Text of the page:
• Stands for “Zstandard”.
  • It’s a real-time compression algorithm, providing high compression ratios and maintaining a fast decompression speed.
df.to_pickle("data.zst", compression="zstd")

6. zip

The most common compression algorithm used.

df.to_pickle("data.zip", compression="zip")

Compression Comparison (Which is the best?)

Let’s generate compressed files from a sample DataFrame to see which is the best compression algorithm.

import pandas as pd
import numpy as np
import os

num_rows = 1000000
num_cols = 100
data = {f"col_{i}": np.random.randn(num_rows) for i in range(num_cols)}
df = pd.DataFrame(data)

compression_types = ['bz2', 'gzip', 'xz', 'zip', 'zstd']
compressed_file_paths = []
for compression in compression_types:
    file_path = f"df_{compression}"
    df.to_pickle(file_path, compression=compression)

The output file sizes are:

bz2: 745 MB

gzip: 732 MB

xz: 712 MB

zip: 732 MB

zstd:  731 MB

The xz compression is the best due to its smaller size.


to_pickle() Backwards Compatibility

The protocol parameter allows you to control which protocol version to use for serialization.

Understanding these protocols is vital when considering backward compatibility, especially if you’re sharing your pickled data across different Python environments.

Supported Protocols

  • Protocol version 0: The original “human-readable” protocol and is backward compatible with earlier versions of Python.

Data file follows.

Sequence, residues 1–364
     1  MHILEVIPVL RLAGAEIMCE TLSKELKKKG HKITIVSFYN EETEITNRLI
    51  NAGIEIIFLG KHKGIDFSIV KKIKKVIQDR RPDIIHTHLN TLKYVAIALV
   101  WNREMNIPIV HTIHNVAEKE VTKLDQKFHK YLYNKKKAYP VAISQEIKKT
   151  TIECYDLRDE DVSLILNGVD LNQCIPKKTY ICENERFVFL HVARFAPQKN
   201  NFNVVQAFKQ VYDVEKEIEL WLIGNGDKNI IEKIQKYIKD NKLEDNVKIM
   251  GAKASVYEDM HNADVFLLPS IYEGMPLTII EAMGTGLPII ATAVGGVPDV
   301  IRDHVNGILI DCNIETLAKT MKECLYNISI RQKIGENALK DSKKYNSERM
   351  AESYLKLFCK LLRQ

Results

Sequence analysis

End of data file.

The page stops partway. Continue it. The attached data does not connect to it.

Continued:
Text-based format and less efficient than newer binary formats.
  • Protocol version 1: An older binary format.
  • Protocol version 2: Introduced in Python 2.3. Provides much more efficient pickling of new-style classes.
  • Protocol version 3: Introduced in Python 3.0. Added support for bytes objects and cannot be unpickled by Python 2.x. This is the default protocol for Python 3.0-3.7.
  • Protocol version 4: Introduced in Python 3.4. Added support for very large objects, pickling more kinds of objects, and some data format optimizations.
  • Protocol version 5: Introduced in Python 3.8. Added support for out-of-band data and improved support for memoryview and custom classes.

Specifying the Protocol

When saving a DataFrame or Series using to_pickle, the protocol can be defined as follows:

df.to_pickle("data.pkl", protocol=4)

In the above example, the DataFrame df will be pickled using protocol version 4.

By default, to_pickle uses protocol version 5.

If you are working in an environment with multiple Python versions, always double-check and explicitly set the protocol for clarity.


Serialize Large DataFrame using different protocols

Let’s start by generating a large DataFrame for demonstration purposes.

After that, we’ll serialize the DataFrame using the to_pickle method with different protocols ranging from 0 to 5.

import pandas as pd
import numpy as np

# Create a large dataframe with random data
num_rows = 1000000
num_cols = 100
data = {f"col_{i}": np.random.randn(num_rows) for i in range(num_cols)}
df = pd.DataFrame(data)

file_paths = []
for protocol in range(6):
    file_path = f"df_protocol_{protocol}.pkl"
    df.to_pickle(file_path, protocol=protocol)

The output file sizes are:

Protocol 0: 824 MB

Protocol 1:  1.15 GB

Protocol 2:  1.15 GB

Protocol 3:  762 MB

Protocol 4:  762 MB

Protocol 5: 762 MB